To say again, I had the good fortune to attend the annual meeting of the American Council on Consumer Interests (“ACCI”) in Clearwater Beach, Florida last week. The ACCI assembled what I think is the nicest group of people to be around; if they are not in first place for “nicest” in my experience, I cannot recall who would be.
The ACCI members as a group shied away from labels. They did not seem to want to be pinned down even as “academics” or as “regulators.” Their membership is united in its devotion to scholarship regardless of labels. They support one another’s research projects as they focus on the results of their collective research. In short, they focus on evidence.
A good illustration of their approach came when the ACCI gave an award to Sandy Praeger. Praeger has been a Kansas State Representative, a Kansas State Senator, an elected Kansas Insurance Commissioner, and the Chair of the National Association of Insurance Commissioners. Her acceptance speech exemplified her long and distinguished service.
She spoke to the audience’s focus on evidence as a basis for conclusions. The special focus of an anecdote she told was on evidence as a basis for policy. Specifically, evidence as a basis for coverage under an insurance policy.
Not long ago, the members of the Kansas Legislature shared the belief of many people that mental conditions are essentially too expensive to be covered by insurance and that there is no good result available even when insurance coverage is extended to mental health treatments.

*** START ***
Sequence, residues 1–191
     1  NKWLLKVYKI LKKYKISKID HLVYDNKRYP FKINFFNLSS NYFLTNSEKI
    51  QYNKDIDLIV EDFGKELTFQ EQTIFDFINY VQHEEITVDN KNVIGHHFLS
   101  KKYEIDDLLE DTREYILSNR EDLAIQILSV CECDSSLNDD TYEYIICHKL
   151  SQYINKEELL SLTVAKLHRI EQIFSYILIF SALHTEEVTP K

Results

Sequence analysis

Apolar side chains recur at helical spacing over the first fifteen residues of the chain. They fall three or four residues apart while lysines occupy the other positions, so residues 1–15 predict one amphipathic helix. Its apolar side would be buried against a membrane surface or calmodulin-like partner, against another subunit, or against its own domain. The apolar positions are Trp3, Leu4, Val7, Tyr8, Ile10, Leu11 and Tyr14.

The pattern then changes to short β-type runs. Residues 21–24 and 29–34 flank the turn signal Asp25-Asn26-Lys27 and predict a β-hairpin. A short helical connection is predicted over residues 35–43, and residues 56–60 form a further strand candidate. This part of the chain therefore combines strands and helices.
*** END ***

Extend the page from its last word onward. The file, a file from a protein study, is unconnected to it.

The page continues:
In reality, mental health conditions are generally every bit as treatable as physical health conditions. There may not be a “cure” for schizophrenia or other mental illness, just as there may not be a “cure” for cardiac health issues. However, persons with mental illness can be maintained just like cardiac patients can be maintained. A person who had a heart attack has a cardiac condition for the rest of their lives, whether or not they ever again present the symptoms of cardiac disease, in much the same way that a person with a mental health condition will always have a mental health condition. Yet both persons can be maintained throughout their lives and there is no more reason to deny insurance coverage to one as to the other including annual or maximum caps on coverage for treatments.
Ms. Praeger and others presented the evidence in this regard to the members of the Kansas Legislature. It took awhile, but several years later, the Legislature passed legislation to prohibit arbitrary caps on coverage for mental health treatments that are not similarly imposed by health insurers on persons receiving treatment for physical conditions.
Evidence trumped opinions which were not based on actual evidence. That is worth remembering.
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